But when you stroll into their back yard, you find they're a far cry from a traditional charitable org. Charity traditionally serves the needy. But these NGOs are much more insterested in serving themselves, and their primary donors. They're not handing out money to struggling creators who earn £5 a job in digital sweatshop marketplaces. Instead, they're chucking the cash at lawyers and lobbyists whose long-term aim is to wipe copyright off the map altogether.

For example, among the initiatives Creative Commons have funded with donation money that YOU, the CC creator, earned them, is a website called Copyright Exceptions. It's run by a group called Communia Association, whose blurb declares...

"We seek to limit the scope of exclusive copyright..."

What a surprise. Money from an anti-copyright lobby-financier like Google ending up in the hands of NGOs that "seek to limit the scope of exclusive copyright".

But it gets better. One of the members of Communia Association just happens to be... Guess who?... Creative Commons. So in funding this project, CC is basically donating money to itself. Who needs Jesus when you have charities like that?

Further, it was almost instantly possible to establish that multiple other members of Communia Association receive funding from Google. And some such Googlehorns appeared rather shy when it came to identifying themselves... One of the members was listed as Free Knowledge Advocacy Group EU. Hmmm, how intriguing. Never heard of them before... So I visited their website... Which actually turned out to be... Wikimedia Brussels.

In case you've lived on Mars for the past two decades, Wikimedia/Wikipedia is a top tier anti-attributionist, anti-copyright campaigner and paid Google stooge, whose entire parasitic, small-website-destroying gravy train is built around the theme of milking the digital working class for free shit.

Once you dig into all of this, what you find is the usual circle of anti-copyright lobbyists, bankrolled by the biggest anti-copyright architect of them all: Google.

But this lot only want to empower creators to give away their shit for the purpose of education and goodly expansion of knowledge tho, right?

Oh no. The Copyright Exceptions website is charting the progress of various schemes to erode copyright protection, and one such scheme is called: "Exception or limitation for text and data mining". Quite literally, this little gem, if adopted, quote...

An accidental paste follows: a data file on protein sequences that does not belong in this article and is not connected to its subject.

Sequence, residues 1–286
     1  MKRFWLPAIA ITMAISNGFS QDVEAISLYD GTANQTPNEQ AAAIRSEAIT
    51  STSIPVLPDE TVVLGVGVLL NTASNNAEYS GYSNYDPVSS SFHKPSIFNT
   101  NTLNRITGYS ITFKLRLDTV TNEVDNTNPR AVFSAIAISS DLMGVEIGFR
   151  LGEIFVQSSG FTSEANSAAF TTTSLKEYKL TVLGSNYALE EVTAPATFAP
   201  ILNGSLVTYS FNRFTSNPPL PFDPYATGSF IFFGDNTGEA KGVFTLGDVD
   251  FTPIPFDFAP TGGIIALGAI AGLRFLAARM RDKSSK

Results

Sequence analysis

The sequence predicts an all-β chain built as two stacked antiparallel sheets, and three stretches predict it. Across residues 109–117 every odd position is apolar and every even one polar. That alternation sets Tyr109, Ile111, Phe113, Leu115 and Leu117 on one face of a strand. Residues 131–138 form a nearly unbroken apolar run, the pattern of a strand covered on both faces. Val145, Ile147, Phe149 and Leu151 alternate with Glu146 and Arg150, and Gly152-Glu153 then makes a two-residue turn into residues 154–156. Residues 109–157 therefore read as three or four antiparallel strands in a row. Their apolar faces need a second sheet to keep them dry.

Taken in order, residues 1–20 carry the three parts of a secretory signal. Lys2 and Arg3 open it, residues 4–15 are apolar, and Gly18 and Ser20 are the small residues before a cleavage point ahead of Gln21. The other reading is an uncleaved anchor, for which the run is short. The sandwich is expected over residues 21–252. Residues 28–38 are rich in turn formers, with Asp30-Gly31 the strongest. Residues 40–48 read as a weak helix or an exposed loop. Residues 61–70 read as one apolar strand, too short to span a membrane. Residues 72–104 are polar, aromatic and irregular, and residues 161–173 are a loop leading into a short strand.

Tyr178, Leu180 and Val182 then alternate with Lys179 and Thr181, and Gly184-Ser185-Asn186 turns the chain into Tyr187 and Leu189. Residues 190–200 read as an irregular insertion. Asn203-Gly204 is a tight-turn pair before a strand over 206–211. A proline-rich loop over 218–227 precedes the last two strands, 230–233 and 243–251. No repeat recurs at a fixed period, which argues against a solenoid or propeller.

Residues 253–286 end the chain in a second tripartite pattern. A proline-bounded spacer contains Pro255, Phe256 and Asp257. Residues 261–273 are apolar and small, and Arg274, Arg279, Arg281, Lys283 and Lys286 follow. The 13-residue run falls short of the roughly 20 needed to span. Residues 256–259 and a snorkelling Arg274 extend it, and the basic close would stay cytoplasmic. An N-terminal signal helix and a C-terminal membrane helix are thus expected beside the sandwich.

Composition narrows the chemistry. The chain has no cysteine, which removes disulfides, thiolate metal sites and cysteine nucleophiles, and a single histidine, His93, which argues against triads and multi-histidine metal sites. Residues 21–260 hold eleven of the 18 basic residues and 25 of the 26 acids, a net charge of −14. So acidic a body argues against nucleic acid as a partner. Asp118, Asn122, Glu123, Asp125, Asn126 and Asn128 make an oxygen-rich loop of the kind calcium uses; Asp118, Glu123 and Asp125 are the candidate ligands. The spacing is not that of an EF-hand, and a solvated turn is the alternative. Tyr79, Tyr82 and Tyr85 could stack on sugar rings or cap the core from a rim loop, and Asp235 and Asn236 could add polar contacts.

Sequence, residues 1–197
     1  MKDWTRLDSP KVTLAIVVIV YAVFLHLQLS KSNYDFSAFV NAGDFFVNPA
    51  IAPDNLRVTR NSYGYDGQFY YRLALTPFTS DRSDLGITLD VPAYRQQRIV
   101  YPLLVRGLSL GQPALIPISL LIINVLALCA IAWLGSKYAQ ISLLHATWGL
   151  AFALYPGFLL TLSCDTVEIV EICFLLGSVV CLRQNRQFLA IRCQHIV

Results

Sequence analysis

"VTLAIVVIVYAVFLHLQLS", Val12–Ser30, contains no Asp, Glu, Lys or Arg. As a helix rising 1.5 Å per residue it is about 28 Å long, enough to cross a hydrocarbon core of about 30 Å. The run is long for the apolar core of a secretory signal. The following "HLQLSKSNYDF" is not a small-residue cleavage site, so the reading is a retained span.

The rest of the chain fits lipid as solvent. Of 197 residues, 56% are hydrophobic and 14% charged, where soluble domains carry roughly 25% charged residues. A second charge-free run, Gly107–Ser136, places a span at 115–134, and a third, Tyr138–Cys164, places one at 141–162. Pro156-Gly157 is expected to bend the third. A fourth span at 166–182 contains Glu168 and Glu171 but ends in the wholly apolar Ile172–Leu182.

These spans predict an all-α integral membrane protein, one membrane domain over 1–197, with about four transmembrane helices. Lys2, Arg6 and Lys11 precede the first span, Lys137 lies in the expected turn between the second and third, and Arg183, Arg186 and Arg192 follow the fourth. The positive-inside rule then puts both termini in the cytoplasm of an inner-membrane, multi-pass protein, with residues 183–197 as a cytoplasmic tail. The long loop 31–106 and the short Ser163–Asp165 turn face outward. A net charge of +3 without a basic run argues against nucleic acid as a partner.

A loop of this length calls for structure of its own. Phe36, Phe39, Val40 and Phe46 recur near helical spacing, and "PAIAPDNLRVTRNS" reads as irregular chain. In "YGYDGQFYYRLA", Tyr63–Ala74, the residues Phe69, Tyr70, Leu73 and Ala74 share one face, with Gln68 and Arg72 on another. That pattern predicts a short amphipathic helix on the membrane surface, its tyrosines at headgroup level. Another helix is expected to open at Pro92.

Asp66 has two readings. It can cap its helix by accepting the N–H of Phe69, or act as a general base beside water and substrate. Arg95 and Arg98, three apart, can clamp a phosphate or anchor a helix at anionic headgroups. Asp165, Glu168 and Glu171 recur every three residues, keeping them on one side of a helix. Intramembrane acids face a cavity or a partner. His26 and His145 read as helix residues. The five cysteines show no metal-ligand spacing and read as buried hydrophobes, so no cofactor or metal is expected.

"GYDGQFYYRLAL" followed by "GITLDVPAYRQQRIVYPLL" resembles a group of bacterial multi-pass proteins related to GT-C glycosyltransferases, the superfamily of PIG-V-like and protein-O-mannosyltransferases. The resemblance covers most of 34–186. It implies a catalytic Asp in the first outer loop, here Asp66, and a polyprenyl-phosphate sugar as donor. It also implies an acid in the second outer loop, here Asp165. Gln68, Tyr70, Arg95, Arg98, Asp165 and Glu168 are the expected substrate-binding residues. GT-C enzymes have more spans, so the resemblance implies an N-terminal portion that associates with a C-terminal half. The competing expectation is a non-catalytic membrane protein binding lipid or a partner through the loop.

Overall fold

"[A]llows any user to reproduce works and other protected subject matter, as well as to extract the contents of databases, in order to perform text and data mining for any purposes."

Is that funding from Amazon starting to make sense yet?... Let me ask you: who does all of this backend wrangling sound like it's empowering? Does it sound like it's empowering the impoverished creator, who has a low profile and struggles to make ends meet? Or does it sound more like it's empowering massive tech corporations whose data-mining business model rides on the back of free and openly distributed content? I'm not gonna lead you on the answer. You know the answer.


Now that we've taken a step towards finding out who Creative Commons really are, who their cosy circle of mates are and what they're up to, let's consider: what is the actual point of Creative Commons licencing? Whom does it benefit?

The best way to assess that question is to look not at what happens when Creative Commons is present, but at what happens when it's absent...

Does the absence of a Creative Commons licence in any way hinder you, the creator, in authorising third parties to use your work?

No. You can authorise anyone you wish to republish your work, at any time. You can even explicitly encourage them to do so. Tweets don't come on a Creative Commons licence, but if an influencer shouts "RETWEET THIS!", two thousand, four thousand, ten thousand, even fifty thousand people will often do so. No member of that influencer's audience ever says: "I can't RT that - it's not on a CC licence." The absence of a CC licence does not, in any shape or form, prevent you, the creator, from sharing your work.

But does the absence of a Creative Commons licence in any way hinder Big Tech in helping itself to any content it wants to exploit for advertising profit?

That's a very firm YES! Big Tech is not legally entitled to copyright-protected content. True, it can use the DMCA 512 clause to dodge liability for unauthorised republication when the uploader is a third party. But upon notification of infringement it must still remove that content from its Web properties. In order to give itself real carte blanche on content, what Big Tech really needs is for creators to sign away their automatic rights. That's precisely what Creative Commons is all about.

If you just want to drive a message to a bigger audience or build a personal brand, it makes much more sense to offer your content for free to specific publishers with existing audiences. You only grant rights to known quantities, you get reliable attribution, and you may establish some useful contacts. Taking this route also encourages you to think much harder about what you're giving away, how you're giving it away, and to whom you're giving it away. It pushes you to think long term. Creative Commons doesn't. It's just a pretty badge until people start doing things you never foresaw. And believe me, you cannot foresee everything.